Nexus Seed Grant Program
In 2019, Mines and NREL formally launched the Nexus partnership to strengthen and expand collaboration between the two institutions. The goal is to develop joint research initiatives and funding beyond the scope of either institution alone.
The Nexus Seed Funding Grant program, started in 2020, aims to stimulate new research initiatives and connections across the two institutions, featuring faculty and researchers from Mines and NREL. It has been successful in supporting Mines and NREL researchers to jump-start ideation on innovative, collaborative, interdisciplinary research proposals and prospective funding (e.g., from DOE, DOD, or other sources).
Nexus seed grants support innovative Mines and NREL researchers jump-start their collaborations into cutting edge interdisciplinary research proposals.
The seed funding helps new Mines and NREL teams build a cohesive proposal that can then be submitted to calls for a range of funded projects.
Since its launch in 2020, the Mines/NREL Nexus continues to expand on the program.
NREL campus looking west towards Mines campus
New! Summer 2023 Seed Grant Projects
Machine Learning-Informed Analysis of Remote Sensing Data to Identify Favorable Areas for Enhanced Geothermal Systems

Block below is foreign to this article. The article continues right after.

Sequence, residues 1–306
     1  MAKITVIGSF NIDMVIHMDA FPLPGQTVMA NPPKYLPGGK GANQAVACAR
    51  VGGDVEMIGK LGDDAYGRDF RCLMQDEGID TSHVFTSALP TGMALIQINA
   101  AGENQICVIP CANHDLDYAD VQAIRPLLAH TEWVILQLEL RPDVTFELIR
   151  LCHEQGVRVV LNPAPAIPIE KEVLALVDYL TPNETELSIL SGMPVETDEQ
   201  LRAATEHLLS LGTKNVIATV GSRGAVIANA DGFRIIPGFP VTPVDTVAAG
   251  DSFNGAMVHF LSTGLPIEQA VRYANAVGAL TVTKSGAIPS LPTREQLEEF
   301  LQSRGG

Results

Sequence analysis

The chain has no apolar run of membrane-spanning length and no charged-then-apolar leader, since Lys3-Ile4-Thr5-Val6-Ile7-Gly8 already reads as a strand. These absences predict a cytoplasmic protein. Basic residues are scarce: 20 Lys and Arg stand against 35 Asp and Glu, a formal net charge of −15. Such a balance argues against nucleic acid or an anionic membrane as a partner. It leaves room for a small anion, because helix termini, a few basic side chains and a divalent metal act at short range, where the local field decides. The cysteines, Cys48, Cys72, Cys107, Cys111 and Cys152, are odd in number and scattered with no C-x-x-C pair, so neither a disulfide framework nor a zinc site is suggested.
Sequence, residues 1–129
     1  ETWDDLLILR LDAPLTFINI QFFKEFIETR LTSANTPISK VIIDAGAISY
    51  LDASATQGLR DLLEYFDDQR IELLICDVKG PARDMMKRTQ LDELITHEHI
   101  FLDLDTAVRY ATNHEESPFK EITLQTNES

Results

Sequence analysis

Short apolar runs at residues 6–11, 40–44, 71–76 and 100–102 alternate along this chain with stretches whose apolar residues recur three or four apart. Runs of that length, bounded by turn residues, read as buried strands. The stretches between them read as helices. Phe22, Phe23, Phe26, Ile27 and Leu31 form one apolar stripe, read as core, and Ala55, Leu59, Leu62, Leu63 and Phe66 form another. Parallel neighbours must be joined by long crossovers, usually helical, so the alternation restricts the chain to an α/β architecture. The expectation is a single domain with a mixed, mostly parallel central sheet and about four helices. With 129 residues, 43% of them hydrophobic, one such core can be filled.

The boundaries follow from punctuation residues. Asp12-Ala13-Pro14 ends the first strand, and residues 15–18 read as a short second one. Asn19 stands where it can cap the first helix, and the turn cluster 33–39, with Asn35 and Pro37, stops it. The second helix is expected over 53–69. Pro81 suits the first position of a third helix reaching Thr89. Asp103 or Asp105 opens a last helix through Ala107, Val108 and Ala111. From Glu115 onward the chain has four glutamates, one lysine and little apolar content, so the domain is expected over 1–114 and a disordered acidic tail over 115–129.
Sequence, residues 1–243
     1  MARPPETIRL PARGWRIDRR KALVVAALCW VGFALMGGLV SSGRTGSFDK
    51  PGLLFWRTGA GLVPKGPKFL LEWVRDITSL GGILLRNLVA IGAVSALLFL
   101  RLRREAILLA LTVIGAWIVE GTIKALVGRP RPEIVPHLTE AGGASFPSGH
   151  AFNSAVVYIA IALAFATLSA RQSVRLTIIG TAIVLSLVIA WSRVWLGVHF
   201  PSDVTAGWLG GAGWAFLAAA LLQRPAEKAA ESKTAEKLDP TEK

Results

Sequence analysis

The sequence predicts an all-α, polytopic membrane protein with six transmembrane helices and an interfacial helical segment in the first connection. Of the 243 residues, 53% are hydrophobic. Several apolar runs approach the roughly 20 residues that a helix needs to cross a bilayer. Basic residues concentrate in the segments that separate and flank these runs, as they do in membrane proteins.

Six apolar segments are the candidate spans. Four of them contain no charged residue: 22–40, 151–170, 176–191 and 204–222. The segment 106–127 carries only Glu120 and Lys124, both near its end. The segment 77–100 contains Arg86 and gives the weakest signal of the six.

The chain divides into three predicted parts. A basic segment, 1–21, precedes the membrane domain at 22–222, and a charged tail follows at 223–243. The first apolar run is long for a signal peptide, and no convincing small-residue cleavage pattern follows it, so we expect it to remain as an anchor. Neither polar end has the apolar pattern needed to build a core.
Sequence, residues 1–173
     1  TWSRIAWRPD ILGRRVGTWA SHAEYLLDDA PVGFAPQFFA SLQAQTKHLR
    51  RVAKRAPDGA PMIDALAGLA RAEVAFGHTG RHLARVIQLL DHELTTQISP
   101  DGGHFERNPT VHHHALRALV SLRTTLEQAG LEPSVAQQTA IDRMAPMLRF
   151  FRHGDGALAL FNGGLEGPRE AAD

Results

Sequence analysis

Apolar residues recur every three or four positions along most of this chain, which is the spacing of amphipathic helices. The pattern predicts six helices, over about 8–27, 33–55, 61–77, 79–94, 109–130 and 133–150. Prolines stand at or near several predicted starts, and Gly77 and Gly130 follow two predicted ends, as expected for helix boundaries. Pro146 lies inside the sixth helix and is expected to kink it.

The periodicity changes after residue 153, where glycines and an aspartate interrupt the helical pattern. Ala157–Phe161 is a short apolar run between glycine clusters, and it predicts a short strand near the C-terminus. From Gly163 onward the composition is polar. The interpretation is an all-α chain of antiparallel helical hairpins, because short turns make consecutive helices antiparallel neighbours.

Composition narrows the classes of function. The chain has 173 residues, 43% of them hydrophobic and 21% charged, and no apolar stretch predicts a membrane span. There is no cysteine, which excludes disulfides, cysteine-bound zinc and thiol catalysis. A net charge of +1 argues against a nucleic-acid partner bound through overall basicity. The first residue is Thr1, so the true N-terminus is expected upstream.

Geothermal resources can deliver a steady, continuous flow of heat from the Earth’s core that can be converted into energy. Geothermal energy increases the viability of a clean grid by offering a reliable foundation for delivering renewable energy. Finding the appropriate locations and workable resources, including possible sites for enhanced geothermal systems (EGS), is the key to advancement of geothermal energy. The high level of uncertainty that accompanies the subsurface resource is one of the primary obstacles to EGS development.
The use of multimodal geological, geophysical, and geochemical data can be beneficial in identifying indicators of EGS. This proposal presents a novel method for determining optimal deployment sites for EGS. By combining machine learning, remote sensing, AI, and additional exploration data (e.g., geology, geophysics, geochemistry), we hope to generate comprehensive resource maps of potential geothermal resources.